The Census Bureau reported that durable goods orders rose 1.6 percent in June, equaling the revised growth rate of May. This was led by strong growth in airplane orders. Nondefense and defense aircraft and parts rose 14.3 percent and 23.9 percent, respectively, for the month.
However, the broader durable goods sector reflected the weaknesses seen in other economic indicators. Excluding transportation, new orders declined 1.1 percent. Similarly, core capital goods (or nondefense capital goods excluding aircraft) dropped 1.4 percent.
There were several sectors where new orders were lower in June. These include computers and electronics products (down 4.9 percent), fabricated metal products (down 1.2 percent), machinery (down 1.1 percent), electrical equipment and appliances (down 0.7 percent), and motor vehicles (down 0.6 percent). Primary metals bucked this trend, up 0.9 percent.
Meanwhile, shipments of durable goods were up 0.1 percent in June, their slowest rate since February. Shipments had grown 1.2 percent in May. In this case (and reflecting the volatility in this market), transportation shipments were a drag on the overall figure, with shipments excluding transportation up 0.5 percent. Sectors with the largest gains in shipments for the month included machinery (up 3.1 percent) and defense aircraft and parts (up 1.2 percent).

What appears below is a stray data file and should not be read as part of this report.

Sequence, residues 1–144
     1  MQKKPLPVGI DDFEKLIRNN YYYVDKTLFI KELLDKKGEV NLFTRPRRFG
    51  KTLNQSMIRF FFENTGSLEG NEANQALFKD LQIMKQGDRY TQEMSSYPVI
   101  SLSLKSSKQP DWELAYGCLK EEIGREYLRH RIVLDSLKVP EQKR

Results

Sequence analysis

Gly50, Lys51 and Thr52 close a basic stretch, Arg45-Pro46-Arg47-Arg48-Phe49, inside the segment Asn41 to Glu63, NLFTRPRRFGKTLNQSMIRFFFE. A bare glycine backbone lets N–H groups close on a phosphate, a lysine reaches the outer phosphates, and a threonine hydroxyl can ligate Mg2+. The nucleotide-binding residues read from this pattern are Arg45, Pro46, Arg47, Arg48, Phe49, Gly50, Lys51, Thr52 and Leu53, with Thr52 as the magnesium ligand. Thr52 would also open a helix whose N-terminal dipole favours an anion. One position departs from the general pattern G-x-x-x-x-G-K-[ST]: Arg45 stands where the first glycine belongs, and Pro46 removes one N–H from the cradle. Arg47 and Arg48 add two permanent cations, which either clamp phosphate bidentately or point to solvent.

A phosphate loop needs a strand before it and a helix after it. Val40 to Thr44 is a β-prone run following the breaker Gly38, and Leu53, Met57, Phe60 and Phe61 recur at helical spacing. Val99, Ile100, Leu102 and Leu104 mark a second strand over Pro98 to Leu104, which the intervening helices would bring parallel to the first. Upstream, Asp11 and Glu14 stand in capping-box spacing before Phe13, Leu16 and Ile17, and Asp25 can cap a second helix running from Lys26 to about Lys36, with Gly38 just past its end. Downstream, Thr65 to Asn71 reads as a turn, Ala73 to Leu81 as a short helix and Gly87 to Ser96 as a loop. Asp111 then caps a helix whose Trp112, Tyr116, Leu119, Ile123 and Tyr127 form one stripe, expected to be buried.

These results provide mixed news. New durable goods orders are nearly 8 percent higher today than one year ago, with aircraft orders lifting this month’s growth numbers. Yet, it is also clear that there are larger weaknesses reflected in these results. Higher shipments should improve tomorrow’s gross domestic product results slightly, but the slower growth in new orders suggests output in the months ahead might be choppier.
Chad Moutray is chief economist, National Association of Manufacturers.